It's remarkably labor-intensive, getting yourself a cup of espresso from a home machine: there's the grinding of the beans, the tamping of the grounds, the measuring of the water, the making sure the dining room lights are turned off so you don't blow a fuse (OK, maybe that's just in my apartment), then the waiting for the trickle of espresso, not to mention the accompanying work if you want to add steamed milk or froth. Then there's the cleanup of the grounds, the frothing nozzle, wrapping up the cord and putting the machine away, sheesh. It's much les stresful just to bring out the French Press.

I'm surprised that espresso makers haven't been aded to those signs you see on the doors of thrift shops that state what the shops will NOT take (such as computer monitors, dot-matrix printers, TVs, used underwear).

Festive Fava

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Mid-March is a time when the mainly Catholic inhabitants of a certain European country celebrate the feast day of perhaps their most renown saint, someone who i credited with delivering the country from a terrible famine and who is still looked to today with prayers and, of course, a culinary as well as religious, feast.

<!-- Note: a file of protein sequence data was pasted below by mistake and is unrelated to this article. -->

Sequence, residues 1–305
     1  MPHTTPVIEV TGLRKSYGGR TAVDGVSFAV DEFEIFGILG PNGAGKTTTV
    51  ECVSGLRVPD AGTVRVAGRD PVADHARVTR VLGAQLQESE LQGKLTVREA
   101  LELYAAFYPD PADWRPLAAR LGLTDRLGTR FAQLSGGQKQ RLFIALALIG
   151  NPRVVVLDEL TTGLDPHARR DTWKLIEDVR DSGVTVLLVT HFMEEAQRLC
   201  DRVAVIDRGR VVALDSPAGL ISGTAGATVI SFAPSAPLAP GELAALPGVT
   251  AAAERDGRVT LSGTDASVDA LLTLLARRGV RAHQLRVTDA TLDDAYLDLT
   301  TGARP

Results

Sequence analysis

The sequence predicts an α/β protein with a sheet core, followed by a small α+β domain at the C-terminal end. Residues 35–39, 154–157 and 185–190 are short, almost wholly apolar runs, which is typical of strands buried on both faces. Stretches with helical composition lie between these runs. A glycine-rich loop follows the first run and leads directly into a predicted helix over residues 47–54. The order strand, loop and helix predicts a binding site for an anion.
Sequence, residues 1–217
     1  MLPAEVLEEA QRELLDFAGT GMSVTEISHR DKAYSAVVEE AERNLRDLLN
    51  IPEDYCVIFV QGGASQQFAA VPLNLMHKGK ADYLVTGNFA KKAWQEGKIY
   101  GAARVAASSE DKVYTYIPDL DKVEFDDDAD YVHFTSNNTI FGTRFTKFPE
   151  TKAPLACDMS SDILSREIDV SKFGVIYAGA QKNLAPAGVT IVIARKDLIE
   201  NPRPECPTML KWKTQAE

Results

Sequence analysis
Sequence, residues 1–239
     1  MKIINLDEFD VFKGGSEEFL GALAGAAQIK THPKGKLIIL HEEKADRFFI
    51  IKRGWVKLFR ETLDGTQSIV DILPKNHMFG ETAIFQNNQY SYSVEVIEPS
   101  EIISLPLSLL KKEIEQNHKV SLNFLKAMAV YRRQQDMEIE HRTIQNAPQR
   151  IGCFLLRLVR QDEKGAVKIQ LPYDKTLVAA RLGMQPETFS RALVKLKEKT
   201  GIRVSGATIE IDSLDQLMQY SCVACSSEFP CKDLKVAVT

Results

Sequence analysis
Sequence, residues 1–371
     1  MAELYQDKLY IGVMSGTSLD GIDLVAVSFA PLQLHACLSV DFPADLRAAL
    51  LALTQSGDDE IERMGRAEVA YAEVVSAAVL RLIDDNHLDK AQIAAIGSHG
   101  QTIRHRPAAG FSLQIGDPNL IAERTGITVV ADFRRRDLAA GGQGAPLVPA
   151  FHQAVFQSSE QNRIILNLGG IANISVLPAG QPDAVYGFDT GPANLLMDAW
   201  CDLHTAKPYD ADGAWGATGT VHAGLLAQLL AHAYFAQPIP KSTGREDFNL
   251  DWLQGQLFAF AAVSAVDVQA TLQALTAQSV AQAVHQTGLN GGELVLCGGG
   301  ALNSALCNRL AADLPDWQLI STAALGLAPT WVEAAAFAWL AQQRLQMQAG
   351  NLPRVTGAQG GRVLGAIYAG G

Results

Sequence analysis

That's right, it's time to celebrate the Feast of St. Joseph, and to honor him, like they have done for centuries, Italians in Italy and all over the world will hold St. Joseph's Tables, where they share cakes, breads, cookies, other, traditionally meatless dishes, and fava beans. His feast day is celebrated on March 19, but the St. Joseph's Tables are held within a few days of that day, and in the instance of church St. Joseph's Tables, it would be held on a Sunday, typically after the last Mass of the day.

At The Shrine of Our Lady of Pompeii at Lexington and Racine on the Near West Side, the hundreds who will take part in the meal on Sunday, March 22 will not only have a feast before them but they will also be given some fava beans. Why fava beans? Well, in the Middle Ages, there was a terrible famine in Sicily, and the people there prayed to St. Joseph, and their prayers were answered. To commemorate the intercession of St. Joseph in ending the famine, the Sicilians promised to make annual offerings of food in his honor.

Fava beans, which had been considered nothing more than food for cattle, was the food that saved the Sicilians from starvation. The reputation of this "lucky bean" extends into the kitchen and beyond. Some people believe you will never be broke as long as you carry one and if you keep one in the pantry, there will always be food in the kitchen.

Buona Festa di San Giuseppe!

My Kitchen Nightmares

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I'm not any type of expert when it comes to the dining experience or the origins of foods and I'm by no means a serious restaurant critic. I enjoy tasting, smelling, and cooking food, though sometimes the latter doesn't always go so well.